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Such is the subject of the institute,
And universal body of the Law :
This study fits a mercenary drudge,
Who aims at nothing but external trash;
Too servile and illiberal for me.
When all is done, divinity is best :
Jerome's bible, Faustus; view it well.
Stipendium peccati mors est. Ha! Stipendium, &c. The reward
of sin is death : that's hard. [Reads] Si peccasse negamus, falli-
mur, et nulla est in nobis veritas ; If we say that we have no sin,
we deceive ourselves, and there is no truth in us, Why, then,
belike we must sin, and so consequently die :
Ay, we must die an everlasting death.
What doctrine call you this, Che sera, sera,
What will be, shall be ? Divinity, adieu !
These metaphysics of magicians,
And necromantic books are heavenly ;
Lines, circles, scenes, letters, and characters*;
Ay, these are those that Faustus most desires.
Oh, what a world of profit and delight,
Of power, of honour, and omnipotence,
Is promis’d to the studious artizan!
All things that move between the quiet poles
Shall be at my command : emperors and kings
Are but obeyed in their several provinces ;
But his dominion that exceeds in this,
Stretcheth as far as doth the mind of man;
A sound magician is a demigod :
Here tire, my brains, to gain t a deity.
Wagner, commend me to my dearest friends,
The German Valdes and Cornelius;
Request them earnestly to visit me.
* circles, scenes, letters, and characters] So 4to 1604 (see note, p. 9). The later 4tos “circles, letters, characters."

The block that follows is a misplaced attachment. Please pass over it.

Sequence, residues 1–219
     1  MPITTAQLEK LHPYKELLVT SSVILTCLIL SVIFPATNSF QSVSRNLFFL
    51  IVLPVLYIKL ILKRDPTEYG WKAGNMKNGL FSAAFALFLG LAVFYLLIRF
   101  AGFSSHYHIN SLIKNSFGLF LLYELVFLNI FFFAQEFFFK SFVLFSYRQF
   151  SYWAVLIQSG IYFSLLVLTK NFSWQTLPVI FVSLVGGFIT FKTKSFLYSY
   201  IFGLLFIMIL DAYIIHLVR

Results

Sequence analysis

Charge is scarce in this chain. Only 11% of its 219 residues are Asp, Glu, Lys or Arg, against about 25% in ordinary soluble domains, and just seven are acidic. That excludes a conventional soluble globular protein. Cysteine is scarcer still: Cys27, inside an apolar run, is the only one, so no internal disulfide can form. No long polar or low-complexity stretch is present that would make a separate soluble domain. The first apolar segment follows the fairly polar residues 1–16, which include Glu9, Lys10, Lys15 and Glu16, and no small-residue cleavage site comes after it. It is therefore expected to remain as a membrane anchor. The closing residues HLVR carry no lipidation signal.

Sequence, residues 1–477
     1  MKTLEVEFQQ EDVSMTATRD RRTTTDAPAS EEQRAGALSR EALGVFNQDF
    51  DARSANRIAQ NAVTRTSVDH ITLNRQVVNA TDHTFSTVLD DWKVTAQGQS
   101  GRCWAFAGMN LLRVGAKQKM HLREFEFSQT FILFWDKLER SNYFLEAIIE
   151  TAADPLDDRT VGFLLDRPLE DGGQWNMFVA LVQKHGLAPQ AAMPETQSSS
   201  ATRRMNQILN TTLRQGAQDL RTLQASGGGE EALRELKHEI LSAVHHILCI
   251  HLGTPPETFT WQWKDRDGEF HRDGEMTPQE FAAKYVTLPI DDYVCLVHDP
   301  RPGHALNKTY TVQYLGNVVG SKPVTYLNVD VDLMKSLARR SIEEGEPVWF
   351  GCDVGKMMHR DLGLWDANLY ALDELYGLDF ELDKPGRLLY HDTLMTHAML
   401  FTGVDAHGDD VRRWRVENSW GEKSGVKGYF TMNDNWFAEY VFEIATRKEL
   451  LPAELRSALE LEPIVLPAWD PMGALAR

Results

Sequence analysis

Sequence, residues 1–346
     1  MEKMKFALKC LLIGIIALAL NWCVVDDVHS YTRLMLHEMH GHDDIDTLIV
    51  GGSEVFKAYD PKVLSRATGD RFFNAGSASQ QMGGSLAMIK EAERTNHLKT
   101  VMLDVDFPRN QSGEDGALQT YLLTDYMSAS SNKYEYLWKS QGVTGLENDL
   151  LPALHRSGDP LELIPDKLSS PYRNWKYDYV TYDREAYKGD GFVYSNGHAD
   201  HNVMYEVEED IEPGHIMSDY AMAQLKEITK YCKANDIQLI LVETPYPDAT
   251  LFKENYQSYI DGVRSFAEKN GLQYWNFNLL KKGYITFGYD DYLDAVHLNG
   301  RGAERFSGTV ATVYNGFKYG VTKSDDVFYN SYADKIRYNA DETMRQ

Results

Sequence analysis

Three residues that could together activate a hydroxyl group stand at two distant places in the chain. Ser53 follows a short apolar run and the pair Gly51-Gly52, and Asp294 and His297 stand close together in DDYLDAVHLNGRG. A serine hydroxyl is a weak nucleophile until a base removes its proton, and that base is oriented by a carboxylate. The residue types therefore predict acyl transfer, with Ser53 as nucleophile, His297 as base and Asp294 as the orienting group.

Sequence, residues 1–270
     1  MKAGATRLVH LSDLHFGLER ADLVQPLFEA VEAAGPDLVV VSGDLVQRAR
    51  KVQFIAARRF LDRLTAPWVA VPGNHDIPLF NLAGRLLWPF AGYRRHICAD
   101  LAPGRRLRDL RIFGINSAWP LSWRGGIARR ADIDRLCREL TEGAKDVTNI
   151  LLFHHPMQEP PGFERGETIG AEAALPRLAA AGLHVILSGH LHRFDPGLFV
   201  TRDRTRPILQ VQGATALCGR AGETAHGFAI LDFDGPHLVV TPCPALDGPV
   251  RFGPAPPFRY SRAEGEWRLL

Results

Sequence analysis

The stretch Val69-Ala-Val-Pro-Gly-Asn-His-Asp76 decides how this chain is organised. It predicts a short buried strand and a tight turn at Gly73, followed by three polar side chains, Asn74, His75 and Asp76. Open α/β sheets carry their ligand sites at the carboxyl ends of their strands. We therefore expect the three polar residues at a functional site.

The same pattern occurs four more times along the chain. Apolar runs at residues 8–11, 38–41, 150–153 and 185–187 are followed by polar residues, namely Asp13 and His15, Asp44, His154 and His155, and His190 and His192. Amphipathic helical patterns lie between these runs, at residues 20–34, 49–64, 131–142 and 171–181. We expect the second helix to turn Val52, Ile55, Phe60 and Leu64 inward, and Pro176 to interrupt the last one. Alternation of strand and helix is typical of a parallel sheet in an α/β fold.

+ gain) So 4tos 1624, 1631 (and so 4to 1604).-2to 1616 “get.”
WAG. I will, sir.
Faust. Their conference will be a greater help to me Than all my labours, plod I ne'er so fast.
Enter GOOD ANGEL and EVIL ANGEL.
G. Ang. Oh, Faustus, lay that damnèd book aside,
And gaze not on it, lest it tempt thy soul,
And heap God's heavy wrath upon thy head !
Read, read the Scriptures :—that is blasphemy.
E. Ang. Go forward, Faustus, in that famous art,
Wherein all Nature's treasure is contain'd:
Be thou on earth as Jove is in the sky,
Lord and commander of these elements. [Exeunt Angels.
Faust. How am I glutted with conceit of this !
Shall I make spirits fetch me what I please,
Resolve me of all ambiguities,
Perform what desperate enterprise * I will ?
I'll have them fly to India for gold,
Ransack the ocean for orient pearl,
And search all corners of the new-found world
For pleasant fruits and princely delicates ;
I'll have them read me strange philosophy,
And tell the secrets of all foreign kings;
I'll have them wall all Germany with brass,
And make swift Rhine circle fair + Wittenberg ;
I'll have them fill the public schools with silkt,
Wherewith the students shall be bravely clad;
I'll levy soldiers with the coin they bring,
And chase the Prince of Parma from our land,
And reign sole king of all the provinces ;
Yea, stranger engines for the brunt of war,
Than was the fiery keel at Antwerp-bridge,
I'll make my servile spirits to invent.
* enterprise] So 4to 1616.—2tos 1624, 1631, “ enterprises." + make swift Rhine circle fair] So 4to 1616.-2tos 1624, 1631, “ with vift Rhine circle all.” I silk] old eds. “skill."
Enter Valdes and CORNELIUS.
Come, German Valdes, and Cornelius,
And make me blest* with your sage conference.
Valdes, sweet Valdes, and Cornelius,
Know that your words have won me at the last
To practise magic and concealèd arts.
Philosophy is odious and obscure;
Both law and physic are for petty wits :
'Tis magic, magic that hath ravish'd me.
Then, gentle friends, aid me in this attempt;
And I, that have with subtle syllogisms
Gravell’d the pastors of the German church,
And made the flowering pride of Wittenberg
Swarm + to my problems, as th' infernal spirits
On sweet Musæus when he came to hell,
Will be as cunning as Agrippa was,
Whose shadow made all Europe honour him.
VALD. Faustus, these books, thy wit, and our experience,
Shall make all nations to $ canonize us.
As Indian Moors obey their Spanish lords,
So shall the spirits of every element